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Make the Road Nevada was present at the Dia de Los Muertos with Yo Soy 132 event at Gary Reese Freedom Park last week, November 1st and 2nd, 2021. Our Digital Organizer, Crystal Lugo photographed these beautiful women painted like Catrinas as they took part in a contest.

The event was decorated with ofrendas and little girls dressed wearing traditional Mexican huipiles in the spirit of the celebration.

Check these images out of the event!

 

 

 

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June is Immigrant Heritage Month—it’s important that we acknowledge the value of the immigrant experience and the importance of their contributions to our daily lives. Their stories are filled with strength and sacrifice in hopes of a better future for themselves and their descendants. Immigrants are brave and strong and they, unfortunately, face so many hurdles in pursuit of a better future. These hurdles were made abundantly clear at the start of the pandemic when Immigrants were excluded from federal financial help though they were actively working to maintain this country at a time where most folks could not work. They filled the supermarket shelves and picked the food we ate. As a result of their labor, they showed once again, how essential they are to the very fabric of our country and its functionality. Make the Road NV and our partners worked together to produce a report of how exactly the pandemic was impacting the immigrant community in Nevada and that report is available here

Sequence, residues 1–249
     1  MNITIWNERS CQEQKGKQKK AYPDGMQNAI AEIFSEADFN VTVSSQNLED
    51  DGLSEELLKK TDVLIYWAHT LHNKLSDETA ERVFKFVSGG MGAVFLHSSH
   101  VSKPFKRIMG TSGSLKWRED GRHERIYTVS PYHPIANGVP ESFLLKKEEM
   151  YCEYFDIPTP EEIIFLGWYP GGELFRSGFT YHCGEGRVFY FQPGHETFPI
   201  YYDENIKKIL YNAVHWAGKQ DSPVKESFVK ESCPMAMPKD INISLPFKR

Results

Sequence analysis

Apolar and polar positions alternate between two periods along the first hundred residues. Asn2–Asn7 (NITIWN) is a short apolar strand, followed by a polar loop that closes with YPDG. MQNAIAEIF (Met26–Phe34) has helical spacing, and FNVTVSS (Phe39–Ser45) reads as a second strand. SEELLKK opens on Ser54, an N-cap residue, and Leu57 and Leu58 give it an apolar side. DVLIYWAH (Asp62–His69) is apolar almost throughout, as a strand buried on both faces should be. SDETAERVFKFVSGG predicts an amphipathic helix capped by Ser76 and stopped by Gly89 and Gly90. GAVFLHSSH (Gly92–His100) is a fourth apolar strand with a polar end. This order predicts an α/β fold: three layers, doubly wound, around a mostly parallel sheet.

Our Immigrant community is actively trying to better this state and this nation to include them in relief now, and to be included in a direct pathway to citizenship. The immigration system is broken, this is no secret, but it is also incredibly difficult to navigate and can be frightening at times for families. In spite of there not being a pathway to citizenship, immigrants are involved members of society who advocate for their community and themselves. They teach others to love themselves and to not be afraid to speak up for themselves. Their stories are incredible. Our website has so many of these stories and we encourage you to take a minute and read them. They will not only bring you joy, but they will inspire you to join the fight for Immigrant Rights. As we celebrate Immigrant Heritage Month, remember their stories, and don’t forget to share yours.

 

Check out our new video in collaboration with PLAN NV.

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May Day is an internationally recognized day dedicated to the celebration of the working class and laborers. Protests and demonstrations with the purpose of demanding the better treatment of workers in the global community come to fruition worldwide. Within our own community, we have used May Day in previous years as a day to demand protections and the better treatment of Immigrant workers who are essential to the wellbeing of our community as a whole. Though this is the fight on a daily basis, May Day is the day where people across the world use their power collectively to demand change. Calling for shorter work hours and an increase in pay for workers is at the heart of May Day. Dignity and respect in the workplace are fundamental needs for workers that are being overlooked in many places. Our communities deserve better.